There is a “bug” in Windows 10 where its DNS resolution uses the interface metrics assigned to it, and OpenVPN’s network interface has too high of a metric to be used for DNS.
To fix it we’ll lower the metric of the OpenVPN interface so it takes priority when you are connected to the VPN.
Identify The OpenVPN Interface Name
First open your Windows 10 Settings menu via the start menu -> Settings. Then click the “Network & Internet” tile:
From there go to the “Ethernet” tab on the left, then click “Change adapter options” under “Related Settings”. This will open a window with all of your network adapters, similar to the below:
The next step is to locate which out of these interfaces is the OpenVPN adapter, it will be the one with the words “TAP-Windows Adapter” on the 3rd line (selected above). Make a note of the name of this adapter. In the above example it is “Local Area Connection 5”, and we’ll use that moving forward but substitute your own interface’s name instead in the commands below as it is likely different.
Open An Admin Command Prompt
Press (windows key + x) and pick “Command Prompt (Admin)”:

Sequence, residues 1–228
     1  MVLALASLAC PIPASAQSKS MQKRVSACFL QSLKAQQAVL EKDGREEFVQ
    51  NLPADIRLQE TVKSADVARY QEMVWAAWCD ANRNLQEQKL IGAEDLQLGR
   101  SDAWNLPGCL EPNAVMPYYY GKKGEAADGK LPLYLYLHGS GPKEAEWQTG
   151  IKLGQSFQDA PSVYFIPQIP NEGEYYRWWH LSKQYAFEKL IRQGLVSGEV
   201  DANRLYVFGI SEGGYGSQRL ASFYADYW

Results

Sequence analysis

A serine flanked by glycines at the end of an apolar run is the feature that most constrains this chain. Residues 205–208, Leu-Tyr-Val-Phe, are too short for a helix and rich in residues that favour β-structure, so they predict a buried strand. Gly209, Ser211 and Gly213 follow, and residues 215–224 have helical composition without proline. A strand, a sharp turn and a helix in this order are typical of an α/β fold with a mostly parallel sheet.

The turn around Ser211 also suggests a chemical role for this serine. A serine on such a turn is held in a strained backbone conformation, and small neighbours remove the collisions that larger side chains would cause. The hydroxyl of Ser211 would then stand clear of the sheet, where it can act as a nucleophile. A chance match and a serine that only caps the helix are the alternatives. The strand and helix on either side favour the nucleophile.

In the command window type in “netsh int ip show interfaces” which should present a list of all the interfaces:
The value we’re looking for is “Met” (short for “Metric”). You can see our OpenVPN connection (“Local Area Connection 5”) has a higher or same metric as other network connections. We need to set this metric value to a lower number than all the other interfaces.
In this case a value of 4 will be lower than all the other interfaces, so we’ll use that. In the command window run the command “netsh int ip set interface “Local Area Connection 5″ metric=25”, substituting the OpenVPN interface you identified in the first step:
Lastly run the “netsh int ip show interfaces” command again and confirm that the OpenVPN interface is the lowest “Met” value:
Reconnect to the VPN
Attempt to reconnect to the VPN and see if DNS resolution works